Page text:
Lagrima will likely always hold a place within the repertoire of Spanish guitar. It is the perfect embodiment of gently drifting off to sleep amongst puffy clouds and heavenly skies.
“El Columpio” by Francisco Tárrega
Tárrega has been mentioned quite a bit in this article, and it won’t be the last time, either. Quite simply, Tárrega is one of the most important Spanish guitar composers to ever grace the Earth.
Many of his compositions have iconic passages that are imbued with emotion and familiarity. The song El Columpio is a prime example of this.
El Columpio features melodic chord work set against a basic bass alternating between the root and the 4th. The song has a very elegant tonality that absolutely erupts into sweeping melodic passages.
These sweeping passages have a way of really elevating the composition as a whole. Meanwhile, the bass accompaniment remains simple and consistent throughout.
Listening to this piece is almost like watching a kite in the sky being taken by the wind. The melody wants to fly away (the kite) but the string to the ground (the bass) keeps everything in place.
“Malaguena” by Ernesto Lecuona
If you are looking for a true classic in the realm of Spanish guitar, look no further than Lecuona’s Malaguena. This piece has a very famous melody that ascends and descends.
In fact, Malaguena’s melody is likely one of the first things you might think of when thinking of Spanish guitar. It has a sound as you might hear in a Western cowboy movie.
The song’s iconic melody starts in the middle voicing, being set against a tremolo accompaniment in the treble. As the melody moves to the bass, the accompaniment becomes more pronounced, elevating the piece in intensity.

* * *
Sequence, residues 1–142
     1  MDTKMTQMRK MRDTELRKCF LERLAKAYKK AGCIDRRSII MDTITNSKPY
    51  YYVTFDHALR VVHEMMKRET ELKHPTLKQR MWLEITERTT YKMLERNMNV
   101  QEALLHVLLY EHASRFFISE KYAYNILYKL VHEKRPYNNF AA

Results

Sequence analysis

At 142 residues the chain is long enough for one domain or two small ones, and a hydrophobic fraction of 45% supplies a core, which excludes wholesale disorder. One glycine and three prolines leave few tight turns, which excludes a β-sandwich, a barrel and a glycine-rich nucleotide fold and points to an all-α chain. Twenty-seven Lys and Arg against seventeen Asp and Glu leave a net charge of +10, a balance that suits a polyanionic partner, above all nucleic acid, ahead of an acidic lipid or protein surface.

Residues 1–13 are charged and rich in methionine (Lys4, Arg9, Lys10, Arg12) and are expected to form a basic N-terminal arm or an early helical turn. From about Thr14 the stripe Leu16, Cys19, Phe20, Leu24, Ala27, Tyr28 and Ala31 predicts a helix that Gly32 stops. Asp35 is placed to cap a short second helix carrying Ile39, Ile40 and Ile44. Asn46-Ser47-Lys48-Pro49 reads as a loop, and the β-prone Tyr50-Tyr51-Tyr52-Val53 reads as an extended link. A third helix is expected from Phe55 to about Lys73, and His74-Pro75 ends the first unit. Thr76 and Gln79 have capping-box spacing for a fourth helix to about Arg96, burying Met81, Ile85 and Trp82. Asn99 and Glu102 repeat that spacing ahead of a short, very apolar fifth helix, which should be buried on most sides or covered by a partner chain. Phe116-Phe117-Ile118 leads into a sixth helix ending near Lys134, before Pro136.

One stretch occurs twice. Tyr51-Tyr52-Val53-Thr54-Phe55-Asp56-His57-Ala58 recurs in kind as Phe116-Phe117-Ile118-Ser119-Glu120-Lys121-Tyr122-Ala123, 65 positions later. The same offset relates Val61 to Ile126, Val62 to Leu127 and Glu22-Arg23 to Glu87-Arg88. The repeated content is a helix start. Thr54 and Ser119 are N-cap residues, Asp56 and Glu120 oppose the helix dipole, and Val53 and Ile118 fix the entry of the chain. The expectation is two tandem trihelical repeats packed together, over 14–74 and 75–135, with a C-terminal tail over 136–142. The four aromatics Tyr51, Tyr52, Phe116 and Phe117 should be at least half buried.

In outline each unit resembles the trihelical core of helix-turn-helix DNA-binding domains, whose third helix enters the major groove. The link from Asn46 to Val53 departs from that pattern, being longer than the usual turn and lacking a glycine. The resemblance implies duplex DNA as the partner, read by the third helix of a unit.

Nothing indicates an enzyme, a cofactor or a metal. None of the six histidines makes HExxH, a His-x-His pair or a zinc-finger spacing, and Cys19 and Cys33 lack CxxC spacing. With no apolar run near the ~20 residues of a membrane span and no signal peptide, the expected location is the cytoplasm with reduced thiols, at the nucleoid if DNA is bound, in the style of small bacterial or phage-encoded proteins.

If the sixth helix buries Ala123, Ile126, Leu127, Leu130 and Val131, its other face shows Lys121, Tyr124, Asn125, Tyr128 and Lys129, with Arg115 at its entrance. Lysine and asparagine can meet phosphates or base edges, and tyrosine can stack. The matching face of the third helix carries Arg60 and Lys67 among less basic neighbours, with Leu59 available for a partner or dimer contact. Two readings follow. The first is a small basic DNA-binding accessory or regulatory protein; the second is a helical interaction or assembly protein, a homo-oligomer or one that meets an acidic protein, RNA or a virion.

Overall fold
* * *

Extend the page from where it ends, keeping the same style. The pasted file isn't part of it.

In the middle section, Malaguena takes on a more pared-down composition. As you might expect, the song then repeats the opening section for a final resolution.
Compositionally, Malaguena might be a little easier than some of the others on this list. However, it does still feature difficult techniques that employ different parts of the hand simultaneously.
“Bolero” by Maurice Ravel
Ravel’s piece Bolero is a massively famous song in the realm of classical music. It features a repeating melodic motif that is set against a droning accompaniment.
While Bolero is mostly known as an orchestral piece, it does hold up quite well on the Spanish guitar. The guitar arrangement really does make this well-known classic take on a different feel, providing a unique experience.
“Capricho Arabe” by Francisco Tárrega
Capricho Arabe was actually Francisco Tárrega’s first composition. It was responsible for helping society at the time fall back in love with the sounds of the Spanish guitar.
As a result, Capricho Arabe remains one of Tárrega’s most famous pieces and is often learned by Spanish guitarists. In true Tárrega fashion, Capricho Arabe has a deceptive simplicity in its composition.
Compositionally, this piece has 3 distinct sections, consisting of both minor and major tonalities. The middle major tonality section has a peaceful resolution which is dissolved in a revisiting of the opening minor section.
There are many excellent running passages throughout Capricho Arabe that sweep across the listener’s field of hearing.
This is a true classic when it comes to Tárrega and the Spanish guitar. The fact that it was played at his funeral should be enough evidence of the piece’s importance.
Top Songs With Spanish Guitar, Final Thoughts
Even if you aren’t a Spanish guitarist, there is a lot you can learn by listening to these pieces. Quite often, these compositions are filled with emotional tension and release that today’s music just simply does not have.
Whether you’re looking for a masterclass in composition and guitar playing or looking to relax, this music exceedingly fulfills that. May this style of music continue to live on, and may others continue to be drawn to this distinct sound.